When the first coronavirus lockdown began in the UK one year ago, no-one could have foreseen how much our lives would change. Now, as the vaccine is widely rolled out, people are hoping a little normality might return – including having the chance to go on holiday again.
After a year in which residents have hardly been able to travel at all, cruising is coming back, but will begin close to home, rather than in foreign waters. News that cruise holidays in British waters look set to return from 17th May is a bright spot on the horizon for many.
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Booming pre-Covid industry
Cruise holidays have always been popular, enabling people to relax in luxurious surroundings, while being gently transported to exciting destinations. Before the Covid-19 pandemic, at the end of 2019, the number of cruise passengers from the UK and Ireland totalled almost two million for the year.
Britain was second only to Germany in terms of the annual number of passengers from any one country in Europe. Britain’s busiest port for cruise travel was Southampton and the busiest month was August. The leading destination was the Mediterranean.
The industry is worth an estimated £10 billion per year to the UK economy, according to figures compiled by the Cruise Lines International Association. Sadly, cruise lines have been affected by the pandemic, not only losing money but also having to make changes to safety regulations on the ships to adhere to guidelines issued by the government.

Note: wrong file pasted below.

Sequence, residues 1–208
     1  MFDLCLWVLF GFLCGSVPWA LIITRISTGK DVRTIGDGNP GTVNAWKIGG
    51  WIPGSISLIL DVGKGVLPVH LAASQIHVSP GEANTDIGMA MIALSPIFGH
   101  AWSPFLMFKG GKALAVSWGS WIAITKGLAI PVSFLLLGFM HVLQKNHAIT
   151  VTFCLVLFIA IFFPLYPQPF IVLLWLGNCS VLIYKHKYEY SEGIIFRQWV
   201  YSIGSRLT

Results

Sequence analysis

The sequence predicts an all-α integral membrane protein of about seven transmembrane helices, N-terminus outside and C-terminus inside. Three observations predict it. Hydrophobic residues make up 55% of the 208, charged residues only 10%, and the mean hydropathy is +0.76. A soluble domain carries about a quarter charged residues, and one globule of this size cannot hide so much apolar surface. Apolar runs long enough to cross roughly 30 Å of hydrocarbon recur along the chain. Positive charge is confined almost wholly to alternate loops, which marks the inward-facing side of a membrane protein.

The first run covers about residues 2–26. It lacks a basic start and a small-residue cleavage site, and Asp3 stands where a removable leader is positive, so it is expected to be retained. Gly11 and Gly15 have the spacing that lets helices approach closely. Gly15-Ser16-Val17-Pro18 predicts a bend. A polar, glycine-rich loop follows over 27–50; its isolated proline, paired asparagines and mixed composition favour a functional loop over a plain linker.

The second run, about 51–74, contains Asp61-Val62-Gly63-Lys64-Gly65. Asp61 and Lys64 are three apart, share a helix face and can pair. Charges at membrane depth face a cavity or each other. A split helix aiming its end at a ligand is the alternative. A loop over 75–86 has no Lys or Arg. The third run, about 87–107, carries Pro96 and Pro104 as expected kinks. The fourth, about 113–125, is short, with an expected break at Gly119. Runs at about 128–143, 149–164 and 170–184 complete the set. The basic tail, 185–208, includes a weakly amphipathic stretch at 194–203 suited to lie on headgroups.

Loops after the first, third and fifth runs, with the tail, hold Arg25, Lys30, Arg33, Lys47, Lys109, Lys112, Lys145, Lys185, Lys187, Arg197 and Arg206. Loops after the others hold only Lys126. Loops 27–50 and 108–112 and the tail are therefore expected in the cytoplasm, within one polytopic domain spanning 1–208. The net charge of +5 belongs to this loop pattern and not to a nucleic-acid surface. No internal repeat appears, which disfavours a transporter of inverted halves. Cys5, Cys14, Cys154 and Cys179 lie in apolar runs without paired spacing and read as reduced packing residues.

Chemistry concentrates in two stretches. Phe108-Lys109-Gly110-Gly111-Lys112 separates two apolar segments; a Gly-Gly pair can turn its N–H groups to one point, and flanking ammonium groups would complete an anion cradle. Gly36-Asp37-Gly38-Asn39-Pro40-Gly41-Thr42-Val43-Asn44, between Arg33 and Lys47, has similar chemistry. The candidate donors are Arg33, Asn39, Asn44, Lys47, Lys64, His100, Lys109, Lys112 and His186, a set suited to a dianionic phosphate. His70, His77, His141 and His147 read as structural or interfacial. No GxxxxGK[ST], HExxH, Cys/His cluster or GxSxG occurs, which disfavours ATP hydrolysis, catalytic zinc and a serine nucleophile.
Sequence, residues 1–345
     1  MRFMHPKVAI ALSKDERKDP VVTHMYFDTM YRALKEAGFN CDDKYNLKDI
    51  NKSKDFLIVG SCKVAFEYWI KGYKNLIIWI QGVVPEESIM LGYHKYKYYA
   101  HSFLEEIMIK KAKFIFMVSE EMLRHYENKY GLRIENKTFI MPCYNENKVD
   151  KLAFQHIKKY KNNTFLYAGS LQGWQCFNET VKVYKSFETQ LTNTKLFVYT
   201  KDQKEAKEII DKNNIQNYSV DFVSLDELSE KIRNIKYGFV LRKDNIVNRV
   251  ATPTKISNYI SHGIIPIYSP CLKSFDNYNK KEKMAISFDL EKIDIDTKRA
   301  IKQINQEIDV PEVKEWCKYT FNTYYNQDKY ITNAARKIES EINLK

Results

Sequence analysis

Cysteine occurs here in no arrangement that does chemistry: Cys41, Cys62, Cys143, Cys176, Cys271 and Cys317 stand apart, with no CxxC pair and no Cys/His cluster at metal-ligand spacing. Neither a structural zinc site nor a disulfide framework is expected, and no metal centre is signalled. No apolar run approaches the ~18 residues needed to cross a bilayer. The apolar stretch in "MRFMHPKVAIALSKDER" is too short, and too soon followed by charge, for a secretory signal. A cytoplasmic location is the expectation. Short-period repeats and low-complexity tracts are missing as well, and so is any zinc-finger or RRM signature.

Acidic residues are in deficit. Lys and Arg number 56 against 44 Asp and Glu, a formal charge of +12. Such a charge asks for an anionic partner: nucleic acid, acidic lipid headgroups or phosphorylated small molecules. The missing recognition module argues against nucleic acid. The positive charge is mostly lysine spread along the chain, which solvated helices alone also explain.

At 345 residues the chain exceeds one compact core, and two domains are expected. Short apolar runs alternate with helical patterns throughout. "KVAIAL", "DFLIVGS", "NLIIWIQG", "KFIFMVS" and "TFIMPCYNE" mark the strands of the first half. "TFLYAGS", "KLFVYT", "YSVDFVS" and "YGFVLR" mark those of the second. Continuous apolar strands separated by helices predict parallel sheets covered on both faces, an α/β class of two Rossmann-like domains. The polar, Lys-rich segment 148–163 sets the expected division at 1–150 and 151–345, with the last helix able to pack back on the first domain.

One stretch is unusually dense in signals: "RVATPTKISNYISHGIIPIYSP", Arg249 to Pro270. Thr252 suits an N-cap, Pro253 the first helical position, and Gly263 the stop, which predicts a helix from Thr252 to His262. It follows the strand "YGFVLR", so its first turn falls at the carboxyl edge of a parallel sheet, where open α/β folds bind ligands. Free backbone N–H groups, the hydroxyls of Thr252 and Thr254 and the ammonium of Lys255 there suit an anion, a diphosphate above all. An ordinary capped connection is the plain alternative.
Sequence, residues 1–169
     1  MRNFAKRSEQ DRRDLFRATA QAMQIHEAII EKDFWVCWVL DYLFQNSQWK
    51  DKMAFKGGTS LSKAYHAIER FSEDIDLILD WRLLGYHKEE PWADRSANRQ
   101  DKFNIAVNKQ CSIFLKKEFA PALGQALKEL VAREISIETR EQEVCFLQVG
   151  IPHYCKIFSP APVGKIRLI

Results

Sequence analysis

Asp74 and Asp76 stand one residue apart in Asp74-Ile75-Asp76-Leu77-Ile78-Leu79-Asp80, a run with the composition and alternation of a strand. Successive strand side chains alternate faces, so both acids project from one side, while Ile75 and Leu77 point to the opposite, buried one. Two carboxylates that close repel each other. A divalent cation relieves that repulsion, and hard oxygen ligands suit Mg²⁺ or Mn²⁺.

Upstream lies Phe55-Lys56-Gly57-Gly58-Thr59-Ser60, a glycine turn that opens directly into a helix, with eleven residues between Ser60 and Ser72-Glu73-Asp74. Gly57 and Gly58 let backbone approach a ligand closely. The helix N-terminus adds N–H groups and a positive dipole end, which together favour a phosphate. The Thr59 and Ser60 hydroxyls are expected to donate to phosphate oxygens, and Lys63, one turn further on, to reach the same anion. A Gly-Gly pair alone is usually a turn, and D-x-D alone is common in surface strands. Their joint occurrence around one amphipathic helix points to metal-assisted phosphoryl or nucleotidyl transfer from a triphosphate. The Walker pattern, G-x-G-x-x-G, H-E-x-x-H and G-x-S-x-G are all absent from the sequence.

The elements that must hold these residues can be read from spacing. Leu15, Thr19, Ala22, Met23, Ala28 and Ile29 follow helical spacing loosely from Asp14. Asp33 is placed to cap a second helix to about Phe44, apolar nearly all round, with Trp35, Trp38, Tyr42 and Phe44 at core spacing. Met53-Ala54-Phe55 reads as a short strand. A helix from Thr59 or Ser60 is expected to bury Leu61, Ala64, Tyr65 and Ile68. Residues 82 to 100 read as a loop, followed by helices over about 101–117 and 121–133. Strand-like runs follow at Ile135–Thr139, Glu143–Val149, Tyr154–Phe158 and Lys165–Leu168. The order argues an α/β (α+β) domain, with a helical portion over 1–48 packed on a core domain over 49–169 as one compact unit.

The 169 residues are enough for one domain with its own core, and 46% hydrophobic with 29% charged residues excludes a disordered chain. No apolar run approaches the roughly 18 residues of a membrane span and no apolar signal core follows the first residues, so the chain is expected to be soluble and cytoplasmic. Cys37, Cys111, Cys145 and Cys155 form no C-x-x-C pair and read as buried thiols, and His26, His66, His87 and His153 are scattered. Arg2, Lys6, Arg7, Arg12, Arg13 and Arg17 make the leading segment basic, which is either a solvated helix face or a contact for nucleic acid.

After the cruise industry in the UK suspended its operations in March 2020, it had already lost £539 million pounds in income within 60 days of the lockdown. After 90 days, that figure rose to £888 million. The multi-billion pound industry has continued to lose money at this staggering rate throughout the pandemic.
The CLIA has described the pandemic as having a “devastating” effect on the cruise holiday industry and says it will be a long, hard road to recovery.
UK cruises to return
Maritime Minister Robert Courts has announced cruise holidays in home waters can return on 17th May, as long as cases of coronavirus continue to decline. However, the Foreign Office is still warning against travelling internationally on cruise ships. In Europe, a similar policy is being adopted, with some domestic cruises sailing, but with no indication of when Brits might be welcomed back on board.
A task force led by Grant Shapps, the Transport Secretary, is set to report back to the government on 12th April about the chances of overseas holidays resuming. The date of 17th May for relaunching UK cruises has been accepted in England, Scotland, Ireland and Wales, again depending on how quickly Covid-19 is eradicated.
Cruise lines respond
Major cruise lines have responded to Prime Minister Boris Johnson’s plan to come out of lockdown with cautious enthusiasm. Princess, P&O Cruises, Cunard, Fred Olsen and Viking are planning to start with cruises around Britain. However, they haven’t announced the itineraries yet.
In Scotland, first off the mark will be The Majestic Line, with cruises restarting on 18th May. Saga has announced its cruise ship, Spirit of Discovery, will be going on its first cruise on 27th June, with its sister ship, Spirit of Adventure, relaunching on 26th July.